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Rediscovering Ginninderra: A database:
Ginninderra Farmers' Union

The Farmers’ Union was inaugurated by Everard Crace in 1905. The object was to assist the local farmers in improving their methods of farming, to assist them in purchasing their seed, bags and farm machinery at lower cost and to create a closer social feeling among the residents of the district.

Lecturers from the Agricultural and Veterinary Departments were organised for the local farmers. Pruning demonstrations were given in the old Glenwood orchard, and in this way the Ginninderra Farmers Union established the first Agricultural Bureau in Australia.

Something else that must be credited to the Union, is the encouragement of farmers to discuss their difficulties and failures, and provision of means of seeking information from the Department of Agriculture. From this source instructive pamphlets and leaflets were procured and distributed amongst members of the association. A set of veterinary instruments and veterinary medicines were also procured for the use of members.

Ginninderra Farmers’ Union Hall

One of the Union’s first activities was to organise a sports meeting to raise funds for the erection of a building for use as a venue for both the Union’s meetings and social activities and for the School of Arts.

In 1906 a site was made available for the hall between Deasland and the general store and the new building was opened on 8th August that year. It was in constant use with a gymnasium, library, entertainment and lecture room.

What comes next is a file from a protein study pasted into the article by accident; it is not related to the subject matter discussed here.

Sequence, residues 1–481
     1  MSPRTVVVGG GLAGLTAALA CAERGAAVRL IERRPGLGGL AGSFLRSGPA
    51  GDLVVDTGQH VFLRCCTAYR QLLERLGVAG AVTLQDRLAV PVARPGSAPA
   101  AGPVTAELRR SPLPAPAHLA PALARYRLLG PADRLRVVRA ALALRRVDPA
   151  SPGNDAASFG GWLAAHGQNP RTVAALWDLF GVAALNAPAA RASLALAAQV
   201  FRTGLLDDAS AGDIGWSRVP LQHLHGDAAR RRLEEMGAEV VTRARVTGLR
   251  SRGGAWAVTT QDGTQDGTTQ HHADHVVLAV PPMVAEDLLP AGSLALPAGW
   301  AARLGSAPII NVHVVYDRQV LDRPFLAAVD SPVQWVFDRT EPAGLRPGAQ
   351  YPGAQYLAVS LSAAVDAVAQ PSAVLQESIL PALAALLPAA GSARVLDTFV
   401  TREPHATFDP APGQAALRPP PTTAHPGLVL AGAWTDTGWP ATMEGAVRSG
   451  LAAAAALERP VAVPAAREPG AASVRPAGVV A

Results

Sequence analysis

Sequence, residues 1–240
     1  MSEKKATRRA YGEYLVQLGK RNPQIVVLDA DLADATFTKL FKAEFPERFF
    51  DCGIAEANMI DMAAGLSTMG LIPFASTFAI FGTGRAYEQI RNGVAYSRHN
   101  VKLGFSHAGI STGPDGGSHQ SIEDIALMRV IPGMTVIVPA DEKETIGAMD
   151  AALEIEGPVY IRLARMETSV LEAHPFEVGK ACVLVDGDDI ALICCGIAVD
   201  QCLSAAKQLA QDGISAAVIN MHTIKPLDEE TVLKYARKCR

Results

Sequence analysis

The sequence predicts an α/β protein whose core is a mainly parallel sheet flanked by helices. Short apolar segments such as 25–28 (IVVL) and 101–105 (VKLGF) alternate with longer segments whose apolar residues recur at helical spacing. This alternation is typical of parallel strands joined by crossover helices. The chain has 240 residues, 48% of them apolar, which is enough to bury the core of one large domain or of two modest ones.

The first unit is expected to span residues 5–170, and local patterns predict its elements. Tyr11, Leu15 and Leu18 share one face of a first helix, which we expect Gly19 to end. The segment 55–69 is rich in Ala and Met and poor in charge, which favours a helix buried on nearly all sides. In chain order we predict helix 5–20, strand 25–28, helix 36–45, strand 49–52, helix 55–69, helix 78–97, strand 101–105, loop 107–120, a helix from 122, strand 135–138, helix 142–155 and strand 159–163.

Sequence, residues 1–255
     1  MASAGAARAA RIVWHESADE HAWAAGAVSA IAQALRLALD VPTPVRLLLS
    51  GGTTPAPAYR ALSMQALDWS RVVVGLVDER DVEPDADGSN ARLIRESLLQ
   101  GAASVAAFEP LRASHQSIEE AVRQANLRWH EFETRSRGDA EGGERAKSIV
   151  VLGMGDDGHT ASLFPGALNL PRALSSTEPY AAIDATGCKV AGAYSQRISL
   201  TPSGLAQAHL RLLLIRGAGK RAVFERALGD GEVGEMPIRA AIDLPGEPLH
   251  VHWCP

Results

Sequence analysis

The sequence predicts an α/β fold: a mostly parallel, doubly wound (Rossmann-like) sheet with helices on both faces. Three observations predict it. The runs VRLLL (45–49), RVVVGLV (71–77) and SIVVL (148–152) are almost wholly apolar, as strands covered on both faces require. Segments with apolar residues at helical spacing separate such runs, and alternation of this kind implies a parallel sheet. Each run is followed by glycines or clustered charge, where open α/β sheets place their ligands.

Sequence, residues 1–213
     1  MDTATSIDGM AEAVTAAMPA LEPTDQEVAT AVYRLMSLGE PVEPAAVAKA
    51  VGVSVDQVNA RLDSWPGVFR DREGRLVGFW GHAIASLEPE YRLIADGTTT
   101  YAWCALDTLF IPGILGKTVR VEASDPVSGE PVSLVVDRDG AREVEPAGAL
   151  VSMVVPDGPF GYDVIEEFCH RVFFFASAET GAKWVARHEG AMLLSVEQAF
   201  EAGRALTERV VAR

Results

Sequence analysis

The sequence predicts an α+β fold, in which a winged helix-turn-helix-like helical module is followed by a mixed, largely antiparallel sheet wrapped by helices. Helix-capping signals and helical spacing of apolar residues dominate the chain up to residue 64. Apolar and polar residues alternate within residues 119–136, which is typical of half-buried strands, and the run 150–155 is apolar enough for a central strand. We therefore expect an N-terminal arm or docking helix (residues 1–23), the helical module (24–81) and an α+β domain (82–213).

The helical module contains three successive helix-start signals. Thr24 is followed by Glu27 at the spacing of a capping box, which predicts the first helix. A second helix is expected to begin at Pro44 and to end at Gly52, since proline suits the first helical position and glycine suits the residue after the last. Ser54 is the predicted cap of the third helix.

In 1914 it was reported that not only the hall, but also the land of the Ginninderra district was being acquired as part of the new Federal Capital Territory. The resumption of the Farmers’ Union and School of Arts hall caused the disbandment of these organisations. Their passing meant the loss of the strong community spirit that had prevailed for so long and with that, the village itself. Funds held by the Farmers’ Union and the School of Arts were distributed to local hospitals, churches (of all denominations) and the Crippled Soldiers’ Relief Fund.

Ginninderra and the Royal Canberra Show

The Royal Canberra Show is now one of the country’s biggest and best annual shows outside the State capital cities. It traces its origins back to 1908 when the Ginninderra Farmers’ Union organised a show at Ginninderra. It was regarded as an unqualified success and in the ensuing years went on to become the most successful event of its type in the district.

The seventh and last show at Ginninderra was held in 1915 because of the First World War, despite the event being attended by 1,200 people and raising much needed funds for the war effort. This also coincided with the Federal Government resuming ownership of the site.

The Advance Hall and District Association organised small district shows in 1924 and 1925. The show of 1927 is officially recognised by the royal National Capital Agricultural society as the ‘inaugural’ Canberra Show.

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